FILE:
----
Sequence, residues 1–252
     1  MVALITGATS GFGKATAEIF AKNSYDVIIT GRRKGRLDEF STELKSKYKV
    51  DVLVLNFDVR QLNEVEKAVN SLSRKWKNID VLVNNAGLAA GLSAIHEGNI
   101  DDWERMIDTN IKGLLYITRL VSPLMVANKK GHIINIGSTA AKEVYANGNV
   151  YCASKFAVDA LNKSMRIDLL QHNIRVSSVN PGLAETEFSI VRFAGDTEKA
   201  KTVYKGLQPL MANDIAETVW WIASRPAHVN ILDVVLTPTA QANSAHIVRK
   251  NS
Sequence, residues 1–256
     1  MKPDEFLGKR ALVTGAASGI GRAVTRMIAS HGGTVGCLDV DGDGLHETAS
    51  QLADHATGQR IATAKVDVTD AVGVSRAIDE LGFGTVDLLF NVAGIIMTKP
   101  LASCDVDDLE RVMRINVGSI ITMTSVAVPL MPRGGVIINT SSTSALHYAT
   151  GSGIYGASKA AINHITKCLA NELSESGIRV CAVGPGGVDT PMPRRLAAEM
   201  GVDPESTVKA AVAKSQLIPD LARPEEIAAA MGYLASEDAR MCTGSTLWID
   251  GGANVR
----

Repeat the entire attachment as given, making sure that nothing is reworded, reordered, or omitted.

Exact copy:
Sequence, residues 1–252
     1  MVALITGATS GFGKATAEIF AKNSYDVIIT GRRKGRLDEF STELKSKYKV
    51  DVLVLNFDVR QLNEVEKAVN SLSRKWKNID VLVNNAGLAA GLSAIHEGNI
   101  DDWERMIDTN IKGLLYITRL VSPLMVANKK GHIINIGSTA AKEVYANGNV
   151  YCASKFAVDA LNKSMRIDLL QHNIRVSSVN PGLAETEFSI VRFAGDTEKA
   201  KTVYKGLQPL MANDIAETVW WIASRPAHVN ILDVVLTPTA QANSAHIVRK
   251  NS
Sequence, residues 1–256
     1  MKPDEFLGKR ALVTGAASGI GRAVTRMIAS HGGTVGCLDV DGDGLHETAS
    51  QLADHATGQR IATAKVDVTD AVGVSRAIDE LGFGTVDLLF NVAGIIMTKP
   101  LASCDVDDLE RVMRINVGSI ITMTSVAVPL MPRGGVIINT SSTSALHYAT
   151  GSGIYGASKA AINHITKCLA NELSESGIRV CAVGPGGVDT PMPRRLAAEM
   201  GVDPESTVKA AVAKSQLIPD LARPEEIAAA MGYLASEDAR MCTGSTLWID
   251  GGANVR